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Wicked - Broadway

“The best musical of the decade.” - Entertainment Weekly

Wicked's Derek Klena on Going from College Baseball Star to Broadway Hunk

Wicked's Derek Klena on Going from College Baseball Star to Broadway Hunk
Derek Klena in 'Wicked'
'Fiyero is a role I've always wanted to play.'

Derek Klena has had a fast-rise in musical theater, having jumped from leading roles in the off-Broadway musicals Dogfight and Carrie to the biggest-of-the big Broadway blockbusters, Wicked. The California native, who joined the show in late May, is putting his own spin on Fiyero, the Winkie prince who captures the heart of Glinda and Elphaba. Broadway.com recently caught up with the 21-year-old actor to chat about leading the 10th anniversary cast, reuniting with his Dogfight co-star Lindsay Mendez and how he went from baseball player to Broadway star.

We love watching you on Fly Girl. How is acting on Broadway different than your experience leading an off-Broadway musicals?
The stakes are a lot higher on Broadway; there’s so much more going on and everything’s so much more intricate. It’s definitely more intimidating. And going into Wicked, I don't have the privilege of originating my role like I did with Carrie and Dogfight.

What makes your Wicked and Dogfight leading lady Lindsay Mendez the ultimate co-star?
We just instantly clicked! We’ve developed this great friendship, and that’s been the key to us being compatible on stage. Anything that she does or anything that I do, we are there 100% for each other, and that’s all you can ask for in a co-star—trust and respect. That’s what makes this show so much more enjoyable, having someone like that by your side—a co-pilot.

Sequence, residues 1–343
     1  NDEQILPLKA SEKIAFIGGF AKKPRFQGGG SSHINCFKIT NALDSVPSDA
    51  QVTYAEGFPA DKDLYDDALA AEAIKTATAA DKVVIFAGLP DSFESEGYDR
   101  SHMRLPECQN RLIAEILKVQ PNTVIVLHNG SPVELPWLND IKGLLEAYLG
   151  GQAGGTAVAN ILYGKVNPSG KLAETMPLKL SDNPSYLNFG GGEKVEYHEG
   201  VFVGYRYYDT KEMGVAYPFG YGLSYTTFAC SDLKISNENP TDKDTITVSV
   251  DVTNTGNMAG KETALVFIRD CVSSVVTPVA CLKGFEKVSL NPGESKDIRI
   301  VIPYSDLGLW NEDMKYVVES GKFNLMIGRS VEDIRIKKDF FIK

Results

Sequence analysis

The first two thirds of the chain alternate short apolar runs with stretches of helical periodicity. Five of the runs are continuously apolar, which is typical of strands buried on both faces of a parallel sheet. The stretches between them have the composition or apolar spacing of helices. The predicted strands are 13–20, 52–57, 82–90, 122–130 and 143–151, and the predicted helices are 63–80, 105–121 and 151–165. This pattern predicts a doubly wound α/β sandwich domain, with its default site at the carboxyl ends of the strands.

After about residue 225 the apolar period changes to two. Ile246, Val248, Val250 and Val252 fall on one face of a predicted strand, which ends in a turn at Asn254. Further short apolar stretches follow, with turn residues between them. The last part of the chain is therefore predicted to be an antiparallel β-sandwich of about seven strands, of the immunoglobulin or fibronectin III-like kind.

Wasn’t Wicked your first Broadway show? How did it feel to make your debut in it?
Surreal. When I saw the show eight years ago, I had no idea I would get the opportunity to perform it someday. It was just a dream I had when I was younger. It’s kind of unbelievable to be working with Joe Mantello and the group at Wicked, which I’ve idolized all these years. Fiyero is a role I’ve always wanted to play, and I’m actually getting to experience that on the Broadway stage.

What would you have said if someone had told you eight years ago that you'd be playing Fiyero in the 10th anniversary cast of Wicked?
I would have said, “Yeah right, I want to play baseball.” [Laughs.] At the time, I was pretty into sports; I didn’t know yet that this is what I wanted to pursue. Seeing Wicked definitely sparked that in me and pushed me to pursue it as a career. It’s kind of bizarre that it took me to Wicked.

When you were growing up, was it hard to be the jock who also did theater?
Yeah, it was harder when I was younger because my friends didn’t understand yet. But once high school and college rolled around, my friends matured and understood it’s kind of a cool thing; they were were blown away with the theater side of me. They grew to respect it, which was really cool to see.

Was it difficult to give up baseball?